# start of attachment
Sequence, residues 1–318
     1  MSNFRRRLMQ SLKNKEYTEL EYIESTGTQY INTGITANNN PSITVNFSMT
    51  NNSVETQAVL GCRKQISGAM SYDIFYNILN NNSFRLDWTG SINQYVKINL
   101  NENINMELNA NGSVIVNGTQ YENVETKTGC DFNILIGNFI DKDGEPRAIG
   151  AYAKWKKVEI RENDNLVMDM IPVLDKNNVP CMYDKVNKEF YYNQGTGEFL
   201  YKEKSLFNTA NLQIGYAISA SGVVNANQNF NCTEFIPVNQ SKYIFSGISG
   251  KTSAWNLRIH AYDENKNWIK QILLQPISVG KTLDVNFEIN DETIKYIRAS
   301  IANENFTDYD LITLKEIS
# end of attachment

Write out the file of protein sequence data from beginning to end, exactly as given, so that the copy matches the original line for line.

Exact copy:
Sequence, residues 1–318
     1  MSNFRRRLMQ SLKNKEYTEL EYIESTGTQY INTGITANNN PSITVNFSMT
    51  NNSVETQAVL GCRKQISGAM SYDIFYNILN NNSFRLDWTG SINQYVKINL
   101  NENINMELNA NGSVIVNGTQ YENVETKTGC DFNILIGNFI DKDGEPRAIG
   151  AYAKWKKVEI RENDNLVMDM IPVLDKNNVP CMYDKVNKEF YYNQGTGEFL
   201  YKEKSLFNTA NLQIGYAISA SGVVNANQNF NCTEFIPVNQ SKYIFSGISG
   251  KTSAWNLRIH AYDENKNWIK QILLQPISVG KTLDVNFEIN DETIKYIRAS
   301  IANENFTDYD LITLKEIS